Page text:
Anissa’s Journal #2: The Language of Hong Kong

Title: The Language of Hong Kong

Abstract: The native language to Hong Kong is a dialect of the Chinese language called Cantonese. Because Hong Kong was once colonized by Britain, the second most common language is English, but with an accent.


There are many dialects of the Chinese language. You can often tell where someone is from by the dialect they speak. For example, in Mainland China, the spoken language is Mandarin. In Hong Kong, the spoken language is also Chinese, but in a different dialect called Cantonese. This is one of the main ways that Hong Kong locals distinguish themselves from the Mainland Chinese that have migrated to Hong Kong.

The second main language spoken is English. Hong Kong was colonized by the British and there is a lot of Western influence in terms of language and culture here. Most Hong Kong locals speak both English and Cantonese. However, they speak English with a British accent. After being surrounded by so many Hong Kong students, I have noticed that my vocabulary is slightly changing and becoming more proper than what I am used to speaking back in California.

During my first week in Hong Kong it was very hard to choose what to eat because everything was written in Chinese. Most of the time, people who work in restaurants don’t speak English. Thankfully, I am not a picky eater so I would simply use hand gestures and point to whatever the person next to me is eating. I figured that if someone has ordered it, it must be delicious. Indeed, I was right and have discovered some new dishes just by pointing. Over time, I have learned the names of the foods I like to eat and can order it on my own in Chinese! However, I feel the need to learn more names of foods because often times I am stuck only eating the things I know how to order.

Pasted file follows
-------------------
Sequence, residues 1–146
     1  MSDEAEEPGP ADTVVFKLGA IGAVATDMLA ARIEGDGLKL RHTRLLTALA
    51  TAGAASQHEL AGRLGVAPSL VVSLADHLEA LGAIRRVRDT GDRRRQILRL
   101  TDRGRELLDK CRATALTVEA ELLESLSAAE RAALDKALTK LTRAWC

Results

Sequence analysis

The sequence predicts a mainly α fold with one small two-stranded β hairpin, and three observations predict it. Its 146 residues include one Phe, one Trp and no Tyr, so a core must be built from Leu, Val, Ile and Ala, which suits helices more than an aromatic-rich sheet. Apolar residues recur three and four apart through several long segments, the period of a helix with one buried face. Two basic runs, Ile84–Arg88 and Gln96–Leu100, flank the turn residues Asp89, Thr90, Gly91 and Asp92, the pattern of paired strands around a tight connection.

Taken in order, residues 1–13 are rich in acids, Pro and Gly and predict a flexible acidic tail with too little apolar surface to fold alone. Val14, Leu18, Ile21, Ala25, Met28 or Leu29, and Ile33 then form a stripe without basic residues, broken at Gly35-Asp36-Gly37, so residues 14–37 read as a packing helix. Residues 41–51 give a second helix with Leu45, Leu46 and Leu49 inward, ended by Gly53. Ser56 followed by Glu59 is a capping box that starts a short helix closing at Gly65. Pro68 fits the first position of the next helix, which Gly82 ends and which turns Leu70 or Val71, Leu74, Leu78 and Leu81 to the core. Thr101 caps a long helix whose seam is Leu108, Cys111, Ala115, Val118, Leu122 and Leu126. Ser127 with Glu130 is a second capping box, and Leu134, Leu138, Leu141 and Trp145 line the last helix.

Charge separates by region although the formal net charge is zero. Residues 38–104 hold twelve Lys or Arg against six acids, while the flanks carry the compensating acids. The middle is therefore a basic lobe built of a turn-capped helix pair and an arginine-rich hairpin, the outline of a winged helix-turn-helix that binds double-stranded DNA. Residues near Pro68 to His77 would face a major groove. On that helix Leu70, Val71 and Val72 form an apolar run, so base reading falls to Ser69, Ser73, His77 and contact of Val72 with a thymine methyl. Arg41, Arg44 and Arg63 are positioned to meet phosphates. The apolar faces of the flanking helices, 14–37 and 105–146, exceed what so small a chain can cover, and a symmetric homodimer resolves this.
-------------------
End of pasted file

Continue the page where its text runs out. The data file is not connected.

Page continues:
In order to make it easier for people who have just arrived in America without speaking English, I would recommend knowing a few important words and phrases to get by such as: foods, streets, addresses and bathrooms. Not knowing the native tongue in a country can be a very frustrating experience and can leave one feeling very vulnerable and lost. Having a guidebook of some sort, pictures to point at, and simple phrases written down can be very useful. Also, don’t be afraid to ask for help. There will always be someone to help you find your way even though it may feel like it is impossible.

Knowing another language is very useful in helping you understand a country’s culture and get to where you need to be easier. After being immersed in a culture for a certain period of time, you are bound to catch on to a few words and phrases. If you are brave enough and want to learn the language faster, practice with locals and limit yourself to only speaking their language. You don’t necessarily need to be studying abroad to learn a language, you can study on your own in a language course, but make sure to find someone to practice with a little bit every day!

I can’t say I’ve learned a lot of Cantonese here in Hong Kong, but I can tell you that I know more than I ever did before arriving here three months ago. I can get to school, get to the city, ride a subway and not get lost, ask for directions and order a meal. That is quite an accomplishment for me!

My first meal in Hong Kong, duck noodle soup

My first meal in Hong Kong, duck noodle soup

Exploring Hong Kong with exchange friends

Exploring Hong Kong with exchange friends

Choosing pastries at a local bakery in Hong Kong

Choosing pastries at a local bakery in Hong Kong

On campus at HKU

On campus at HKU

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